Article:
If you can, invest in a rosemary plant. There’s nothing like fresh rosemary. The dried variety will do, but don’t let it get stale or it can ruin your dish with a very nasty flavor.
How Long Will Your Dried Herbs and Spices Last?
Store them in a cool environment and they could last up to 4 years for whole spices, and 2 years for ground spices. Herbs have a shorter shelf life. Herbs don’t last as long, but you can tell if a spice or herb is still useful if you rub it between your fingers and it’s still aromatic.
Kalyn Denny from the blog Kalyn’s Kitchen provides a primer on storing spices and herbs that I found very useful.
What Else Will You Need?
Whole Grains, Beans and Legumes
Keep a variety of quick cooking whole grains on hand. Brown rice and quinoa work with almost any dish, and they make terrific salads too.
Look for 100% whole grain pastas, or even quinoa pasta for an added fiber and protein boost in your meals.
Dried beans like black, garbanzo and pinto are always in my pantry. I can soak them for a few hours, then boil them on the stove and skip the added sodium in the canned varieties (although I do keep canned beans on hand for emergencies).
Miscellaneous Canned Items
Low sodium vegetable and chicken broths are always on hand. They flavor soups and stews, but also work well for sautés and stir fries. I often light sauté foods with just a little oil, and then add vegetable broth as needed to keep food from burning.
Canned tomatoes and spaghetti sauce are terrific to have on hand if you’re in a pinch for time. Most families will eat spaghetti and meat sauce without a fuss.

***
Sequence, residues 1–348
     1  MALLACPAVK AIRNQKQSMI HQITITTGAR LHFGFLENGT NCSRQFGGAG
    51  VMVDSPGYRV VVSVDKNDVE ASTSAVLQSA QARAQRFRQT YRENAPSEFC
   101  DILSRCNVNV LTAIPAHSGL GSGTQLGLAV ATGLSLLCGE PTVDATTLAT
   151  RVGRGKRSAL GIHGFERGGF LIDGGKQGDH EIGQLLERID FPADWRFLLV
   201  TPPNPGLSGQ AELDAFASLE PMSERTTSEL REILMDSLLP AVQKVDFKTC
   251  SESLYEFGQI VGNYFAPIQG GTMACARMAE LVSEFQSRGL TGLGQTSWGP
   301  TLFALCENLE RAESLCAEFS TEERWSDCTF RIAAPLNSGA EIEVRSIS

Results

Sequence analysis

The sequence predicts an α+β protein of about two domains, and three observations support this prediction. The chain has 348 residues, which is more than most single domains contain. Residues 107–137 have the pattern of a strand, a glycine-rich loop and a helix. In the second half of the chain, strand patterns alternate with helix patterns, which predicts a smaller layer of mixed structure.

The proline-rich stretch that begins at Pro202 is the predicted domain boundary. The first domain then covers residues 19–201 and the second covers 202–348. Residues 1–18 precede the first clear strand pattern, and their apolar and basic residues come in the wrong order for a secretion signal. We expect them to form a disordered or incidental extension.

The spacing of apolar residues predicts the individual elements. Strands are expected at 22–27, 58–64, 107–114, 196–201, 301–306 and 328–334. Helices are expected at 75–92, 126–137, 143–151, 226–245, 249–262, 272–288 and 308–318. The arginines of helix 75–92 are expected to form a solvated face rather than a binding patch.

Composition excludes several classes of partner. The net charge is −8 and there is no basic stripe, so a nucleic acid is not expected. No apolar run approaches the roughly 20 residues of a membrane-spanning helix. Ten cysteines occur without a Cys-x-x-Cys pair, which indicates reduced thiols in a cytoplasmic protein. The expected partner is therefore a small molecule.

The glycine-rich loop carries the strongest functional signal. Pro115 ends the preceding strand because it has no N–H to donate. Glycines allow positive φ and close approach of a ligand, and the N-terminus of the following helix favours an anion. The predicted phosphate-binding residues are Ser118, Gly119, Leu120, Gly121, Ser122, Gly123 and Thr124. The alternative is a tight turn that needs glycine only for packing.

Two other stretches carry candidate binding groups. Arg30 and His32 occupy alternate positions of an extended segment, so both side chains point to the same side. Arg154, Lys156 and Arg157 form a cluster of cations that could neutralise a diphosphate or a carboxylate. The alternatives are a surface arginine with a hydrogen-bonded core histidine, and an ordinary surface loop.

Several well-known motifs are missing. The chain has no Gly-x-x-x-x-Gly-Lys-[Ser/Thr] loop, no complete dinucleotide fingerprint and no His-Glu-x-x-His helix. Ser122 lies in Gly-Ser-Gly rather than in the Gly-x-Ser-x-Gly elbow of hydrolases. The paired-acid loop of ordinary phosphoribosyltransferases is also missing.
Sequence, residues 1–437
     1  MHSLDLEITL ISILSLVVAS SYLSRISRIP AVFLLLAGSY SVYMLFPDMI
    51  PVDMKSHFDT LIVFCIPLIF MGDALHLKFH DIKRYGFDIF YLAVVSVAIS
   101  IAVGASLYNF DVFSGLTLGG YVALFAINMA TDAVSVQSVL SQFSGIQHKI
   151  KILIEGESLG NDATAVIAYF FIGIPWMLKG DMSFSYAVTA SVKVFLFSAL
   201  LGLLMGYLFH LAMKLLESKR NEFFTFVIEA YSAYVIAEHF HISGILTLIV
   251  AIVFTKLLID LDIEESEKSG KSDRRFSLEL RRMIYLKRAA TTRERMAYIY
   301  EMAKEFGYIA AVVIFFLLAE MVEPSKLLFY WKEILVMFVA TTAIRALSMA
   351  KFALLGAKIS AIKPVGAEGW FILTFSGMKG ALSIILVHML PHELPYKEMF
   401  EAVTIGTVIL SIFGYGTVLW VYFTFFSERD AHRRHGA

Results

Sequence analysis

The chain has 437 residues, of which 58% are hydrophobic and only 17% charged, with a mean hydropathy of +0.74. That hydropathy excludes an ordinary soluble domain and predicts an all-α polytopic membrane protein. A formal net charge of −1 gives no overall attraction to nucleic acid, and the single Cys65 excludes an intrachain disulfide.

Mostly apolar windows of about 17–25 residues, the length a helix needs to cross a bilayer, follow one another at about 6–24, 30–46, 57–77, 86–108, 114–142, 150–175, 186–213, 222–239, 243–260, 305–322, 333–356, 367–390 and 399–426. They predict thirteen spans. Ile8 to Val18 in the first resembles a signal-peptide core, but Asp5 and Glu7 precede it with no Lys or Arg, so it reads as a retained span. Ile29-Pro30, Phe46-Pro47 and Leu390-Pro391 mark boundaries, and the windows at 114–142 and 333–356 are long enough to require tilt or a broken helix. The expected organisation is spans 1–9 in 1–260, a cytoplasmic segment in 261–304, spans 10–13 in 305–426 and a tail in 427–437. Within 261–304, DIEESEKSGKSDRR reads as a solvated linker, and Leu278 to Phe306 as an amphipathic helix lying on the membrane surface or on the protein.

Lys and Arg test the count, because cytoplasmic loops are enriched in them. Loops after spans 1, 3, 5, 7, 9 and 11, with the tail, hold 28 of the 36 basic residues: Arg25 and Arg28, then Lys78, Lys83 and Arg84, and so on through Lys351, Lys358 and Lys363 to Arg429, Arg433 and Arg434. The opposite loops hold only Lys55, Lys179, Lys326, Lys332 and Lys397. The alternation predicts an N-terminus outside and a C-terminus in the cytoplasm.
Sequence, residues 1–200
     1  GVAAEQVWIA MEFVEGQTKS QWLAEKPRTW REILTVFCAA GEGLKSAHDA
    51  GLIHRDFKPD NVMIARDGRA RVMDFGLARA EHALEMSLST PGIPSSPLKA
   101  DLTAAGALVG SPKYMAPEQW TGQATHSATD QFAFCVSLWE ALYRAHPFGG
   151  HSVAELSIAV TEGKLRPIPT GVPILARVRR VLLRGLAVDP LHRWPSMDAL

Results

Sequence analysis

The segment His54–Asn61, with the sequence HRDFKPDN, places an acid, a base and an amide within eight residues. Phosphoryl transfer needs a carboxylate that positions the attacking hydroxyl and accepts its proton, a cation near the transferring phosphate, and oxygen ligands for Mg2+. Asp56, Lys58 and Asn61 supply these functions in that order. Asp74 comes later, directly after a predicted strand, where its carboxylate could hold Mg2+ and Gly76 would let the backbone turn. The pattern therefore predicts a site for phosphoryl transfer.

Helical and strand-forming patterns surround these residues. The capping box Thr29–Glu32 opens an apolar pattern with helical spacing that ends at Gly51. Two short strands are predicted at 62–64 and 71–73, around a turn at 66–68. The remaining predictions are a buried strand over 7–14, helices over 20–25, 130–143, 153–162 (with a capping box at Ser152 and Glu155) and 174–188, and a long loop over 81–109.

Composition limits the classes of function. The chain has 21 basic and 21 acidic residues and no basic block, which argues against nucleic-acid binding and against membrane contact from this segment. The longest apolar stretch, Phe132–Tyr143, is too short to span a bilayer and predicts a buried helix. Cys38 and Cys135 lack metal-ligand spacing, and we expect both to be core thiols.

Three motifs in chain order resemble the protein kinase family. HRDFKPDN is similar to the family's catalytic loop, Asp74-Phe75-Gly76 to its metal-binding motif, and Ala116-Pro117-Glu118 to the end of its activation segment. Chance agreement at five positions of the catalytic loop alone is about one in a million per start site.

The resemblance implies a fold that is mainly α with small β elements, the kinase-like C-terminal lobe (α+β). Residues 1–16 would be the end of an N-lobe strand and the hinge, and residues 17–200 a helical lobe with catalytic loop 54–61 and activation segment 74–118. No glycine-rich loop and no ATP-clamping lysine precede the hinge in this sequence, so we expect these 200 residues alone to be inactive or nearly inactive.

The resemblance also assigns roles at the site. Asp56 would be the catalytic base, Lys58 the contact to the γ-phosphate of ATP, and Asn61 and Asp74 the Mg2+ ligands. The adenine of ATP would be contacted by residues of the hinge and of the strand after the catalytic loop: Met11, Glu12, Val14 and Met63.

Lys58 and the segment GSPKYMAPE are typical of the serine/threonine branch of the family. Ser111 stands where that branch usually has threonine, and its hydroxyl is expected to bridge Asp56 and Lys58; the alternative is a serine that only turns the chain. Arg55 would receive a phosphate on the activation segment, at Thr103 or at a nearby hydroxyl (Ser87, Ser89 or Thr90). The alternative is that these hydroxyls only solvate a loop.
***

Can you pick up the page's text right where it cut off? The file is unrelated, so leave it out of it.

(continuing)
I don’t bake often, but I still stock baking ingredients.
Whole wheat pastry flour is a favorite. It’s whole grain, but gives baked goods a light texture. Baking soda, baking powder, brown sugar, sugar and cornstarch. You’ll find that many Asian sauces require a bit of cornstarch to thicken the sauces.
Wondra is a very fine white flour that I only use on occasion when a sauce is too thin. It’s worth keeping in the pantry for just those occasions.
Panko bread crumbs are a must. They give faux fried foods that crispy crunch we all love.
Don’t forget that these pantry items have a shelf life too, so if you don’t bake often, then buy smaller amounts. It might cost more, but in the end be less wasteful.
Sweet baked goods also require a few spices. Cinnamon, nutmeg and cloves are on my shelves as well. Cinnamon even goes into some of my Mexican dishes, not to mention my daily oatmeal.
Every pantry needs a few fresh ingredients. Many recipes call for garlic and onions.
Fresh herbs like parsley, cilantro, thyme and rosemary can be purchased for just pennies, and add brightness to any dish. I use an herb keeper I purchased for less than $12.00 on Amazon to keep my herbs fresh for a few weeks. They never go to waste!
Lemons are cheap too. Keep one or two on hand for seafood dishes, sauces and vinaigrettes.
Eggs and milk, whether it’s cow, almond or coconut need to be in the refrigerator. If there’s nothing else on hand but eggs, onions and a handful of parsley, you can make an omelette for dinner.
Even if you aren’t a yogurt fan, a small container of low fat plain yogurt makes terrific sauces and dressings. If you haven’t used it by the pull date, toss it in the blender with a banana for a smoothie in the morning. It will never go to waste.
Walnuts and almonds can be expensive, but keep them in the frig to toss into salads and baked goods.
So there you are!
My list of must have healthy cook’s pantry items is complete. Don’t go broke buying expensive ingredients and have them go to waste. You can purchase small quantities of spices, beans, nuts and legumes in the bulk bins at your local grocery store. Store them in Ziplock bags and they’ll last for several months.
Don’t forget to download this handy pantry list, and healthy cooking will be in your future too.
Happy, healthy cooking!